On Sept. 28, a large rock slide struck a Rapid City Fire Department truck on S.D. Highway 44 across from the city’s fish hatchery near Cleghorn Canyon. No one was injured, but the damage to the truck marked another casualty that can at least partially be attributed to the unusually wet year in Rapid City.
The South Dakota Department of Transportation is now working to ensure a similar slide doesn’t occur. By the middle of next week, DOT crews will be done grading the area at the foot of the canyon wall and installing concrete barriers along the roadway’s shoulder for about one-half mile. The barriers, Rapid City DOT engineer Mike Carlson said, are to prevent rocks from tumbling into the road and striking a car.
“We’re trying to help prevent a big accident,” Carlson said Wednesday, adding that rock slides have also been an issue in Spearfish Canyon, Deadwood, Custer and Lead this year.
“The weather plays a big part in when those rocks come down,” he said. “That’s when our biggest rock falls occur after the rain.”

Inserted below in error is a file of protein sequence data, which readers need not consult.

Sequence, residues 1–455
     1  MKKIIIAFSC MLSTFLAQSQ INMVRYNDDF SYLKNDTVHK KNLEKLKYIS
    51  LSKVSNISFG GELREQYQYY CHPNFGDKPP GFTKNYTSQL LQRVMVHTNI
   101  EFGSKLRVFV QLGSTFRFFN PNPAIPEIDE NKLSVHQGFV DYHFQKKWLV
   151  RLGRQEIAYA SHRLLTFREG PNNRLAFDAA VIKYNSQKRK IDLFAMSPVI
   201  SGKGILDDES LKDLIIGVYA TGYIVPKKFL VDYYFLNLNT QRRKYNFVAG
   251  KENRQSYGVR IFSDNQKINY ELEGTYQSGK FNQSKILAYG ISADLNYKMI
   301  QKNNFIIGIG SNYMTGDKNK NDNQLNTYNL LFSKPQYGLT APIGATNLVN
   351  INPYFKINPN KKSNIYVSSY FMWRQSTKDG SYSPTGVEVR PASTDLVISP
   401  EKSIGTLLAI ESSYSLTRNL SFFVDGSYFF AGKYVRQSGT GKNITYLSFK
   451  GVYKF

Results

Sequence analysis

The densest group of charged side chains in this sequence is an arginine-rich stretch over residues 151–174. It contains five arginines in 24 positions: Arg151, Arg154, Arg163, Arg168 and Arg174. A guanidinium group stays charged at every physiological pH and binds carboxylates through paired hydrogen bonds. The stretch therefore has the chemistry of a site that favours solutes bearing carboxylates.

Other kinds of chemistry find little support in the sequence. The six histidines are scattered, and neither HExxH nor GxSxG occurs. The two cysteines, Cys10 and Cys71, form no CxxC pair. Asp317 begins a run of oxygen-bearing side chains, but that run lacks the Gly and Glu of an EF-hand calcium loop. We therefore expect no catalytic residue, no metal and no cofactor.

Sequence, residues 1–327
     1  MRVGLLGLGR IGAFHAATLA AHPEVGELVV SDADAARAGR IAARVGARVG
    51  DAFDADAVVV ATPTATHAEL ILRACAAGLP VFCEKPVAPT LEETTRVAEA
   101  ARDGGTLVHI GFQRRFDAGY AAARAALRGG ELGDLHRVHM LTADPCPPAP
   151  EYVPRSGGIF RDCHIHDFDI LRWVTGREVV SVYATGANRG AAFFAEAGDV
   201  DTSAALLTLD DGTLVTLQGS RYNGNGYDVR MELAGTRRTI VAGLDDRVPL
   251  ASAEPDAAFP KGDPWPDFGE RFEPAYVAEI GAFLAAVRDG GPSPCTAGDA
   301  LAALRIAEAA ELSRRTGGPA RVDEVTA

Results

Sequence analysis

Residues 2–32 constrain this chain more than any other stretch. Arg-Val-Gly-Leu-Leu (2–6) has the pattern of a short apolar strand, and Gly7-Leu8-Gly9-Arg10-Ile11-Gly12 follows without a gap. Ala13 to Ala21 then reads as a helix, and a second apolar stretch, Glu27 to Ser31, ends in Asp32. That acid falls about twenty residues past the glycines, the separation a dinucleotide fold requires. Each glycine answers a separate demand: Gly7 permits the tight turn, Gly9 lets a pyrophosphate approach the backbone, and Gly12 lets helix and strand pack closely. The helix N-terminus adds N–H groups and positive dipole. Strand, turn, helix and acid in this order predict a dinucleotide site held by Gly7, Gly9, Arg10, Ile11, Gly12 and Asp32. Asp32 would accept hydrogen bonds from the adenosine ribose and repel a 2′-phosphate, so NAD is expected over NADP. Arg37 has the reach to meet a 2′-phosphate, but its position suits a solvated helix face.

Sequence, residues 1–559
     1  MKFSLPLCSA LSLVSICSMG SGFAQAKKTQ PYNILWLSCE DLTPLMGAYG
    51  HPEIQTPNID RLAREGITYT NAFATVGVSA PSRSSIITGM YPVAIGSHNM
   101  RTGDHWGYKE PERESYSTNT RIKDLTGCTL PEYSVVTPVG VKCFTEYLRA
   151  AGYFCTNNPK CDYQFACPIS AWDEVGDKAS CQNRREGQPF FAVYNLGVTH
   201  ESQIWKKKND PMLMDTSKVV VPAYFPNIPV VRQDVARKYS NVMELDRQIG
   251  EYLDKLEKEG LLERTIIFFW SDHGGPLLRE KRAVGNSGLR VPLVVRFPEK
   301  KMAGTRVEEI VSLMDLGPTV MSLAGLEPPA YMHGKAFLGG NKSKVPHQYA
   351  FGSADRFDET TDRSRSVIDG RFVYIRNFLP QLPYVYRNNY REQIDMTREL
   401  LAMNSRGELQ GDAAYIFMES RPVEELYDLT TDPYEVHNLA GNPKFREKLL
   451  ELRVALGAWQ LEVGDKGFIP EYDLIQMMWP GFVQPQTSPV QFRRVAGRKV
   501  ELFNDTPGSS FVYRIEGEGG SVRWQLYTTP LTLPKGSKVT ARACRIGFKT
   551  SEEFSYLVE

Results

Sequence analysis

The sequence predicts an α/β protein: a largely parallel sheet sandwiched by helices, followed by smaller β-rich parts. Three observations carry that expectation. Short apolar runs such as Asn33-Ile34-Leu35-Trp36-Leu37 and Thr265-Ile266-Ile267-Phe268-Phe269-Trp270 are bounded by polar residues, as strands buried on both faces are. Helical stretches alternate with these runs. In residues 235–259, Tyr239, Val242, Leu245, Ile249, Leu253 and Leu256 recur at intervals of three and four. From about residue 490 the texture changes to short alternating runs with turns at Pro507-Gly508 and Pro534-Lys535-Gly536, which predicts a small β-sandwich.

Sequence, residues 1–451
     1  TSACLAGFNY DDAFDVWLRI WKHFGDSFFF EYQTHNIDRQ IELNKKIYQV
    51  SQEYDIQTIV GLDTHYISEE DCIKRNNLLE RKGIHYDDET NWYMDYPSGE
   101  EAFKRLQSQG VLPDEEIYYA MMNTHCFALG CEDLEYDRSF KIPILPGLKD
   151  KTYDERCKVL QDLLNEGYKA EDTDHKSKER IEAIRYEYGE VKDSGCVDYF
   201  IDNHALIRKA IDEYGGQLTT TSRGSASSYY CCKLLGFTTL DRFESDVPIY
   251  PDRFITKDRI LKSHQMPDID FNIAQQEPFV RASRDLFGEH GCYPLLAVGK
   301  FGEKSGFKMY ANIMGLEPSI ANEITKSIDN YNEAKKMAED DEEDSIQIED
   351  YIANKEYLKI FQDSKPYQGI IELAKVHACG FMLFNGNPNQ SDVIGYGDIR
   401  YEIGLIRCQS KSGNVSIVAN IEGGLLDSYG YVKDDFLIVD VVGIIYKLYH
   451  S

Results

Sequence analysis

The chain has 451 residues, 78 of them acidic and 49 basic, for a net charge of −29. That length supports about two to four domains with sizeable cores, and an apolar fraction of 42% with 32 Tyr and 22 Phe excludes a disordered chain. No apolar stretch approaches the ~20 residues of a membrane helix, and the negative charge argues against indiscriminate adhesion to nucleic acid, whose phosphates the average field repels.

Carlson said the work along S.D. Highway 44 is a medium-term solution. Long-term solutions could include building a deeper ditch at the bottom of the canyon, installing bolts into the rock wall, or draping chain link netting along the side of the wall. The DOT routinely hires someone to knock off the loose rocks, known as rock scaling, as a mitigation effort.
“We need to do that again,” Carlson said.
The project cost will be minimal as the work is part of the DOT’s normal maintenance and the concrete barriers are owned by the DOT. Rapid City spokesman Darrell Shoemaker noted the city had experienced more rock slides “than we have normally had” but said the city had made no “overtures” to the DOT to complete the project.